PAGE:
Academic Catalog

MUS 11B: FUNK, FUSION & HIP-HOP

Foothill College Course Outline of Record

Foothill College Course Outline of Record
Heading Value
Units: 4
Hours: 4 lecture, 1 laboratory per week (60 total per quarter)
Advisory: Not open to students with credit in MUS 64B.
Degree & Credit Status: Degree-Applicable Credit Course
Foothill GE: Non-GE
Transferable: CSU/UC
Grade Type: Letter Grade (Request for Pass/No Pass)
Repeatability: Not Repeatable

Student Learning Outcomes

  • A successful student will be able to identify major recordings and artists of the period.
  • A successful student will be able to describe and discuss the history of funk and jazz fusion music from the release of Miles Davis' Bitches Brew through the present.

Description

History and analysis of funk, fusion and hip-hop styles from 1969 to the present. An introduction to the instruments, performers, composers, compositions and recordings that defined/define funk, fusion and hip-hop. Presentation of recordings, videos and print resources. Major artists include Miles Davis, Herbie Hancock, James Brown, Sly Stone, Weather Report, Wayne Shorter, George Clinton and P-Funk, Jaco Pastorius, Pat Metheny, Grandmaster Flash, Africa Bambaataa, Chuck D. and Dr. Dre. Style periods include early jazz fusion, early funk, East Bay funk, groove and smooth jazz, modern fusion, early hip-hop and commercial rap.

Course Objectives

The student will be able to:
A. Describe and discuss the history of funk and jazz fusion music, from the release of Miles Davis' "Bitches Brew" through the present.
C. Analyze styles of funk and fusion jazz and how they changed during the period.
D. Identify major recordings and artists of the period.
E. Compare and contrast jazz fusion as art music vs. funk as popular music, including the introduction and development of hip-hop music.
F. Write comprehensive analyses of changes in styles during the period.
G. Discuss racism in the U.S. as a catalyst for the development of funk and hip-hop as the musical expression of African American culture.
H. Discuss how the civil rights movement of the 1960s contributed to the development of funk, and its subsequent mainstreaming into popular music culture during the 1970s by artists, such as James Brown, Sly Stone and Stevie Wonder.

Course Content

A. Context
1. American culture, 1969-present
a. Media promotion of music that excluded funk and jazz fusion
b. Race as a factor for access to recordings
c. Race as a factor in the development of funk as a stand-alone musical style
2. Vocabulary of late 20th century musical styles
a. Technical characteristics (including pitch, rhythm, melody, dynamics, timbre, texture, form and harmony)
b. Changes in characteristics due to social change
B. Style
1. Rhythmic variation of funk in contrast to jazz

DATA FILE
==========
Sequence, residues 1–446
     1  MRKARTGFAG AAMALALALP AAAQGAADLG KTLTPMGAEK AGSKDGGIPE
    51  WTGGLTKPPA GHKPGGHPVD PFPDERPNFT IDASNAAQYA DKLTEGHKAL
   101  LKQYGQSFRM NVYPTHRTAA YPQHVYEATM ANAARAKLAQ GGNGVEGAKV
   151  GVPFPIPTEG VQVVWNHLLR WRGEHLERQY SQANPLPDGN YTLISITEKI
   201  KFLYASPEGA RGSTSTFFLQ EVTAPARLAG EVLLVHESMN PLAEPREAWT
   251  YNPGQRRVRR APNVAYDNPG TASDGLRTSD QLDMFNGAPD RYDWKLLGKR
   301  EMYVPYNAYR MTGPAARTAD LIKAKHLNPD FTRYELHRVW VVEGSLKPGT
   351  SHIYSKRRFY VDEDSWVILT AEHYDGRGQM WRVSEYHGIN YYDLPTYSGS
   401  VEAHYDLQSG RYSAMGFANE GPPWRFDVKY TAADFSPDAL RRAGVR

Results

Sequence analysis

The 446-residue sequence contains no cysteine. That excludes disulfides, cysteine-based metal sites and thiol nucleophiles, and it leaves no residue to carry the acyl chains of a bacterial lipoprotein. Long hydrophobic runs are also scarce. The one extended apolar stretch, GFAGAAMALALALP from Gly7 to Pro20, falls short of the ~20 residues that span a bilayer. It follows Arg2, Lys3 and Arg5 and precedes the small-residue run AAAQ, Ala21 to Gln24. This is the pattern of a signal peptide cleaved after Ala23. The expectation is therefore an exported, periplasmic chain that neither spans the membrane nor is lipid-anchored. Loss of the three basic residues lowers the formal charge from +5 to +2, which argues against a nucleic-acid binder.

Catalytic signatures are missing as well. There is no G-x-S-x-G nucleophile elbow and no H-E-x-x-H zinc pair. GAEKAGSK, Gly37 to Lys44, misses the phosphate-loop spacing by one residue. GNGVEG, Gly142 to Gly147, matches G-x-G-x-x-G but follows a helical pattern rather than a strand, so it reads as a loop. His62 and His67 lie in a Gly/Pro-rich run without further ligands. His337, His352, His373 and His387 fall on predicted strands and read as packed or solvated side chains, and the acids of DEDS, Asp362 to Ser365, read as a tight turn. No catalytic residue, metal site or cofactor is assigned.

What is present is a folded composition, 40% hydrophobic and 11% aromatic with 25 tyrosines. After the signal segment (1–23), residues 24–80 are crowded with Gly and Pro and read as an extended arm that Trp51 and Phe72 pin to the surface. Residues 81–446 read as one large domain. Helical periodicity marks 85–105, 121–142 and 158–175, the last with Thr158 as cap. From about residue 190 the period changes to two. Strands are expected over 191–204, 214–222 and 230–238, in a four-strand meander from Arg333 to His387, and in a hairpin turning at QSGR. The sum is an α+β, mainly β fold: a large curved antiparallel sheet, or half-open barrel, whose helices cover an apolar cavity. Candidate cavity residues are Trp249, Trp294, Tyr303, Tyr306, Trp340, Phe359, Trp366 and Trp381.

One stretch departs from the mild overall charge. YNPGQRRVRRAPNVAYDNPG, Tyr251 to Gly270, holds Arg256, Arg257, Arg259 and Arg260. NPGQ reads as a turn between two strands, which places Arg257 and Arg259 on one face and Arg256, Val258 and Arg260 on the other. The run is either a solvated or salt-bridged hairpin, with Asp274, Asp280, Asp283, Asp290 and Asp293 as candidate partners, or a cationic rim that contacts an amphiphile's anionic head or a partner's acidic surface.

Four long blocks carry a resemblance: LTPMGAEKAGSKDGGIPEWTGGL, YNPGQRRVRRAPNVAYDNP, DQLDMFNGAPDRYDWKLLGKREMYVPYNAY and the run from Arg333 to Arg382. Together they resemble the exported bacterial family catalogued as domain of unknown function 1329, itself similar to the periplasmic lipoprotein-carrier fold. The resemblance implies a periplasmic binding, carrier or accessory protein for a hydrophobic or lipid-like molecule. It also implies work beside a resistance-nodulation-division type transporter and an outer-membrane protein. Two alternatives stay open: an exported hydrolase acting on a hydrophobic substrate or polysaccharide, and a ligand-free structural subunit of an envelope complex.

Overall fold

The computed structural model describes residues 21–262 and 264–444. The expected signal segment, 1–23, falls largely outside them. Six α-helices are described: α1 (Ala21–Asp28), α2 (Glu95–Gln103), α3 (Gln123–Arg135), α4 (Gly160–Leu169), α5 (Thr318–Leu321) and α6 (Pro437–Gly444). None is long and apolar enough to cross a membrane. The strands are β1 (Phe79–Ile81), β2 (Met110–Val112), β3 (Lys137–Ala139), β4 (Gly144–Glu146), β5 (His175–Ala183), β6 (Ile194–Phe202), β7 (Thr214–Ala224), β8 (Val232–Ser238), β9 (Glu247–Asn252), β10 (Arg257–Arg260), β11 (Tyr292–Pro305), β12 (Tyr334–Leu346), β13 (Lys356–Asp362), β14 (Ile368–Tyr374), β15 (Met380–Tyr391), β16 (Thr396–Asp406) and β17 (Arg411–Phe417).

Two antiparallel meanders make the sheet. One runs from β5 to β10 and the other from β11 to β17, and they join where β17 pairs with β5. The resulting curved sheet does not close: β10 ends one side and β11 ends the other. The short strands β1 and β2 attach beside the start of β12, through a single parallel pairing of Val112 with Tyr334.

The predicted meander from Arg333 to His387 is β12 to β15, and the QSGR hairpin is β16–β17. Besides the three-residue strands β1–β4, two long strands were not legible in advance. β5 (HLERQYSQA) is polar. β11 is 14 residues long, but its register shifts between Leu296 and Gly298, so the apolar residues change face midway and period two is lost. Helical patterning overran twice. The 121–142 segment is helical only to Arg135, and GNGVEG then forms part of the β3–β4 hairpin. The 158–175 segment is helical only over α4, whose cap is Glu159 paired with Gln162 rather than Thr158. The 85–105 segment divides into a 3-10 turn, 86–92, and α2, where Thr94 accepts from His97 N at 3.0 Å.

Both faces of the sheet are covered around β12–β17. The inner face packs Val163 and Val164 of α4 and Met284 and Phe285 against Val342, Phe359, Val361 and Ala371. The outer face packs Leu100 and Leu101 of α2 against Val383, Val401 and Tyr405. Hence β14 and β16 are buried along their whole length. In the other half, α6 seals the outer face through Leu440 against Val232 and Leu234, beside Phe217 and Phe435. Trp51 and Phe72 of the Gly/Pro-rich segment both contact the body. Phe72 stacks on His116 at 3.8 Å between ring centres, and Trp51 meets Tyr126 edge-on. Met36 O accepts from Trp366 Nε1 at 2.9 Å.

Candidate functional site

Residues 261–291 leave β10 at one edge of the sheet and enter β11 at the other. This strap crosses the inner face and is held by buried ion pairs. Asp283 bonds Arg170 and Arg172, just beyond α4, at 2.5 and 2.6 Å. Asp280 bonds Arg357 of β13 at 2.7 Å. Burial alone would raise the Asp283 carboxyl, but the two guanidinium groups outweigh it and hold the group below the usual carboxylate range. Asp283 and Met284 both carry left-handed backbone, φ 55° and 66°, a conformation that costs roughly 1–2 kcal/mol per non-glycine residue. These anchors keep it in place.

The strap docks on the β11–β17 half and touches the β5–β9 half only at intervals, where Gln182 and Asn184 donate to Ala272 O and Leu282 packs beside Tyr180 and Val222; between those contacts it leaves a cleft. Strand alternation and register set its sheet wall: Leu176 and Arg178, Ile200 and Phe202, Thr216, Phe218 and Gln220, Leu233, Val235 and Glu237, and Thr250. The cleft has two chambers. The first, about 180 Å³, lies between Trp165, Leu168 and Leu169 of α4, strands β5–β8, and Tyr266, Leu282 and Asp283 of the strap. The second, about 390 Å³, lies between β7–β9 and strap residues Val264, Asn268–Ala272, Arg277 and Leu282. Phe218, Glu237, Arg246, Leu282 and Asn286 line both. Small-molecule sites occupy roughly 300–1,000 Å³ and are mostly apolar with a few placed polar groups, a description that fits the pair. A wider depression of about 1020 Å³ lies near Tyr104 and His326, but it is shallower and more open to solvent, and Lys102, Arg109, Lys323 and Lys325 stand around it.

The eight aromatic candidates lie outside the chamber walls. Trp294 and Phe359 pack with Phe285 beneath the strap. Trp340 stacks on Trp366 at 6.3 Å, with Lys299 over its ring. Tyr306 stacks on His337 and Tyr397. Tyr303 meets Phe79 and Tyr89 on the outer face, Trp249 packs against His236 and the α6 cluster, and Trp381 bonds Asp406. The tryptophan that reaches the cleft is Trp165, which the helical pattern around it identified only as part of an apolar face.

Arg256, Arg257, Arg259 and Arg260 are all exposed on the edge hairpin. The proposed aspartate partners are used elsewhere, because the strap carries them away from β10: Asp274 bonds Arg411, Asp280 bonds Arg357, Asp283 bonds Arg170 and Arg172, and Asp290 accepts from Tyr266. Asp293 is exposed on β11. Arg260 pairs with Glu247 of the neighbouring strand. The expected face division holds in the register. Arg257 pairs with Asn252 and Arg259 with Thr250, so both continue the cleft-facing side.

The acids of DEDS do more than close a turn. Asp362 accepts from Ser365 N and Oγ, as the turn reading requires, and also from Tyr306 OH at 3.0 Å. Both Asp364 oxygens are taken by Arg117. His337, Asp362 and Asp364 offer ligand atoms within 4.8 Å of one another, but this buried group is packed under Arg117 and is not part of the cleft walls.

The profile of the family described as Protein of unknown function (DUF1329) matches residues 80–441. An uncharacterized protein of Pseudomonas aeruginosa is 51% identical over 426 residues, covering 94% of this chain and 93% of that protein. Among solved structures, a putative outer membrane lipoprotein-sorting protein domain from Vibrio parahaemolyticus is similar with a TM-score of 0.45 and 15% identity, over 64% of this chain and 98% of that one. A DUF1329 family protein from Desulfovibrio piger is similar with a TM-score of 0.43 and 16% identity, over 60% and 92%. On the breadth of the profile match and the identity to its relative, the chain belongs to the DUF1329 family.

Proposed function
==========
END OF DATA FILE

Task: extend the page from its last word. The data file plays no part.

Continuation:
2. Melody as a secondary element
3. The introduction and assimilation of popular funk and rock styles into the jazz idiom and the subsequent development of funk as an identifiable idiom
C. Rhythm
1. The transition from swing to straight eighth in jazz fusion
2. Backbeat as an integral element of funk
3. Introduction of straight eighth shuffle and the development of groove and smooth jazz
4. The utilization of breakbeats as practiced by early DJs, and the development of computer generated beats
D. Melody and harmony
1. Melody as non-essential element of funk
2. Melodic/rhythmic variation and the introduction of early hip-hop jazz by Miles Davis
3. Post mediant relationship harmony and early groove jazz
4. Pop harmony and groove jazz
5. Development of strictly contrapuntal funk and hip-hop styles
E. Major innovators and performers
1. Miles Davis and early jazz fusion
2. Joe Zawinul, Wayne Shorter and Weather Report
3. Jaco Pastorius, Michael Brecker and the rise of the virtuoso sound innovator
4. James Brown, Sly Stone and the roots of funk
5. George Clinton and P-Funk
6. Pat Metheny and the birth of groove jazz
7. Don Grolnick and post-jazz instrumental composition
8. David Sanborn and the rise of commercial "smooth" jazz
9. Grandmaster Flash, Chuck D. and early hip-hop
10. Dr. Dre and commercial rap

Lab Content

Lab content includes directed listening from the following areas:
A. New Orleans (2nd line)
B. Early funk
1. James Brown
2. Sly Stone
C. Late funk
1. Stevie Wonder, et al.
2. Parliament/Funkadelic
D. Fusion
1. Miles Davis
2. John McGlaughlin
3. Michael Brecker
E. Hip-hop
1. Public Enemy
2. The Chronic
3. East Coast/West Coast

Special Facilities and/or Equipment

A. When taught on campus: classroom sound equipment for compact discs, audiotape and records, screen, overhead projector, slide projector, VCR and DVD.
B. When taught via Foothill Global Access: on-going access to computer with email software and capabilities; email address; JavaScript-enabled internet browsing software.

Method(s) of Evaluation

A. Weekly worksheets and quizzes for guided reading and listening
B. Weekly quizzes that include short answer questions
C. Listening assignments via online delivery
D. Midterm and final exams

Method(s) of Instruction

Lecture, discussion, laboratory.

Representative Text(s) and Other Materials

Orejuela, Fernando. Rap and Hip Hop Culture. New York: Oxford University Press, 2015.

Gioia, Ted. The History Of Jazz. 2nd ed. New York: Audible Studios, 2016.



Other written materials provided by the instructor and delivered online.

 

Types and/or Examples of Required Reading, Writing, and Outside of Class Assignments

A. Written concert/DVD reports.

 

Discipline(s)

Music, Commercial Music